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Asia security forum to boost regional disaster relief

IMF cancels Haiti debt
Washington (AFP) July 21, 2010 - The IMF canceled Haiti's debt on Wednesday and approved a new program to support reconstruction and economic growth in the quake-hit country. The International Monetary Fund's executive board approved the "full cancellation" of Haiti's outstanding liabilities of 268 million dollars to the Washington-based lending institution. It also gave the nod to a three-year program to support Haiti's reconstruction and growth drive following the devastating January 12 earthquake that left hundreds of thousands dead in the impoverished Caribbean nation.

IMF chief Dominique Strauss-Kahn appealed to donor nations to "start delivering on their promises to Haiti quickly so reconstruction can be accelerated, living standards quickly improved, and social tensions soothed." At a high-level donors' conference in March, the international community pledged 9.9 billion dollars to Haiti's reconstruction, of which 5.3 billion dollars are due to be disbursed over the next 18 months. Resources freed by the IMF debt relief will help Haiti meet substantial balance-of-payments needs exacerbated by the earthquake, the fund said in a statement. The debt relief is financed by the so called Post-Catastrophe Debt Relief Trust Fund, recently established by the IMF to help very poor countries hit by catastrophic natural disasters.
by Staff Writers
Hanoi (AFP) July 21, 2010
Asia's largest security forum is expected this week to adopt a plan boosting civil and military co-ordination in response to natural disasters -- a rising threat across the region.

The 27-member Association of Southeast Asian Nations (ASEAN) Regional Forum meets in Hanoi on Friday, where a priority is improved cooperation in disaster relief by 2020, according to a draft action plan seen by AFP.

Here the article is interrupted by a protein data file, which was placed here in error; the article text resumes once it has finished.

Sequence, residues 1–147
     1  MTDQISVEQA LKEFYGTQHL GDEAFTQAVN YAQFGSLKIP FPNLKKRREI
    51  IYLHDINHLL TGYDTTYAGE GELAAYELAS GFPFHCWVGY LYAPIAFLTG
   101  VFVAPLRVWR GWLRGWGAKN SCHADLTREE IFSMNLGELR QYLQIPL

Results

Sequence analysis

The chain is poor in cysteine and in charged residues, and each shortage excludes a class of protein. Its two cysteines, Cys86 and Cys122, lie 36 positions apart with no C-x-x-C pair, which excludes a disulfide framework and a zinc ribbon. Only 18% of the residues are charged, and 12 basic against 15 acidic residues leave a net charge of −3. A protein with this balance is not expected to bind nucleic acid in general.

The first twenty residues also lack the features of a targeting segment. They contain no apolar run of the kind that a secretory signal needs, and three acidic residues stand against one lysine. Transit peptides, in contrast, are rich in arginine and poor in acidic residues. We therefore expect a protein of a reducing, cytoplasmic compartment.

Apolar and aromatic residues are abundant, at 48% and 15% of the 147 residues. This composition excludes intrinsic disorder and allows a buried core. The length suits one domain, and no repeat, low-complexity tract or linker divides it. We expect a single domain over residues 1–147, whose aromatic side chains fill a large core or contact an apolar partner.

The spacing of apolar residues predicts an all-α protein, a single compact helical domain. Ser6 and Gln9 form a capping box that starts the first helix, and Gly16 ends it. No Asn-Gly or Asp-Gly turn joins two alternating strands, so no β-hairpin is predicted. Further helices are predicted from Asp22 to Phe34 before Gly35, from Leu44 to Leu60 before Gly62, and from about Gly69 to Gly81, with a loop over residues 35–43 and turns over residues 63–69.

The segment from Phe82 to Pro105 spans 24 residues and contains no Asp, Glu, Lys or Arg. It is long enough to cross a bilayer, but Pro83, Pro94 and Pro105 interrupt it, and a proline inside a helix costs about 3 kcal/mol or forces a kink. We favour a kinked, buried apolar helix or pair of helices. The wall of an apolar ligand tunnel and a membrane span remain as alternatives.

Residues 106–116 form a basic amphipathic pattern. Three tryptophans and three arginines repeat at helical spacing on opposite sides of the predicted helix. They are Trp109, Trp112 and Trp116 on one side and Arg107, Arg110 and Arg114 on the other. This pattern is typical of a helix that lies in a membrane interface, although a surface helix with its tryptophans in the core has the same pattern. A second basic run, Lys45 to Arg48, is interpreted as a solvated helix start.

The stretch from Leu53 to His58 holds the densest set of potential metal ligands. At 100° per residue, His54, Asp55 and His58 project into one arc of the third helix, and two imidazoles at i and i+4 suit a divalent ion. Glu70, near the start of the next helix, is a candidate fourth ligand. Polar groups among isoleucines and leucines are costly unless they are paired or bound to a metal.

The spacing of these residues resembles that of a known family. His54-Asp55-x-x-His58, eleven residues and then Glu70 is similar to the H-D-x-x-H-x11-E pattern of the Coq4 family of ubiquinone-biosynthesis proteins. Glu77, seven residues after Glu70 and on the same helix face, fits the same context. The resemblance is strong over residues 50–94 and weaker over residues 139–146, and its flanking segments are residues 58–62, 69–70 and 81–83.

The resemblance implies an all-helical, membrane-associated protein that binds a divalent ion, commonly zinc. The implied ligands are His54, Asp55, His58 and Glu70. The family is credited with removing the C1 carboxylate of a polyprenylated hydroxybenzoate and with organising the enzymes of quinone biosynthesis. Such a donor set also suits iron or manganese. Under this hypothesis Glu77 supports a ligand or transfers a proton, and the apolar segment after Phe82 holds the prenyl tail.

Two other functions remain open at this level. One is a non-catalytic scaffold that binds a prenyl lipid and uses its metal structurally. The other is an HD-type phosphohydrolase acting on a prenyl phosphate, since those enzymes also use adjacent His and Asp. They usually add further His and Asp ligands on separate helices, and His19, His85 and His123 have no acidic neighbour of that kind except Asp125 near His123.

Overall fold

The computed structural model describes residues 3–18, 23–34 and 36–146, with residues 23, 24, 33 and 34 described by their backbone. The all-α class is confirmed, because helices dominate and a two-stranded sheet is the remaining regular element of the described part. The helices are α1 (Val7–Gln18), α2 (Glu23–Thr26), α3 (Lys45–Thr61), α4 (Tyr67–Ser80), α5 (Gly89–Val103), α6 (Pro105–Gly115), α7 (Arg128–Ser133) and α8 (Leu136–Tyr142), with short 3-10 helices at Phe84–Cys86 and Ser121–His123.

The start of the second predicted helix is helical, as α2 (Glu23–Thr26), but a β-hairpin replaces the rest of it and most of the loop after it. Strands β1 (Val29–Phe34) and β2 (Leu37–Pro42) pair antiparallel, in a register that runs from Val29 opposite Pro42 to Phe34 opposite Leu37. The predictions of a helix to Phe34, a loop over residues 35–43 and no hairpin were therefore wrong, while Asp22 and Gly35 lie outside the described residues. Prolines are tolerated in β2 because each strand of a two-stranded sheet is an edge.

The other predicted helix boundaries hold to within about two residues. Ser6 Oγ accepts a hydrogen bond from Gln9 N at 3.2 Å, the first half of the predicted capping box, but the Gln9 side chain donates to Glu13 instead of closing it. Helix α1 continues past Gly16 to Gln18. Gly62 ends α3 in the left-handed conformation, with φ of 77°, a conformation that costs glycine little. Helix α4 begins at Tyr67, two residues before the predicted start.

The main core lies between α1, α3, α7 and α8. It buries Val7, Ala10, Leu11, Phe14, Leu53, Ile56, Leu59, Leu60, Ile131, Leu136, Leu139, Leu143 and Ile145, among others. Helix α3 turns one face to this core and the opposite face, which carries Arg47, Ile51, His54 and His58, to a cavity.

The forum gathers major powers including China and the United States but is driven by the 10-member ASEAN bloc, which has been criticised in the past for a lacklustre response to Southeast Asian natural disasters.

An initiative to improve relief was welcomed by the Asia-Pacific disaster chief of the International Federation of Red Cross and Red Crescent Societies (IFRC), Michael Annear.

But "these agreements need to then be taken to the country level and incorporated into national processes" to be effective, he added.

The forum's statement aimed to "harmonise regional cooperation" over relief and strengthen civil-military coordination -- for example by holding regular exercises -- to enhance disaster responses over the next decade.

It also sets out plans to develop tools such as a "model legal arrangement for foreign military assistance".

But such pledges could be deflecting attention from more complicated issues such as tensions over North Korea's nuclear programme, according to Ian Storey, a fellow of the Institute of Southeast Asian Studies in Singapore.

He told AFP the forum "is moving toward more cooperation on less sensitive issues like humanitarian cooperation and disaster relief... because the other issues are just too difficult to deal with".

The region is prone to earthquakes, storms and volcanic eruptions and is expected to be hard-hit by rising sea levels and extreme weather caused by climate change.

Experts have said environmental damage, shoddy urban planning, corruption and other man-made problems are magnifying the human cost of natural disasters almost every time they strike in Asia.

The latest calamity, Typhoon Conson, has left a death toll of 76 in the Philippines, two in China and one in Vietnam over the past week, with dozens more still missing and feared dead.

At a security conference last month in Singapore, top regional officials called for a more coordinated response to relief operations across Asia-Pacific nations.

Malaysian Defence Minister Ahmad Zahid Hamidi called for the establishment of centres focusing on humanitarian assistance and disaster relief.

His New Zealand counterpart, Wayne Mapp, agreed the region had "to move beyond talking about to actually doing something and having centres of excellence, probably regional based, would probably help".

In May 2008, ASEAN was faulted for failing to pressure military-ruled Myanmar, a member of the bloc, to allow in international aid after Cyclone Nargis devastated the country's south, leaving 138,000 dead or missing.

A group of officials from the UN and ASEAN were eventually allowed to coordinate aid with Myanmar's government, which the bloc hailed as a successful example of its capability and unity.

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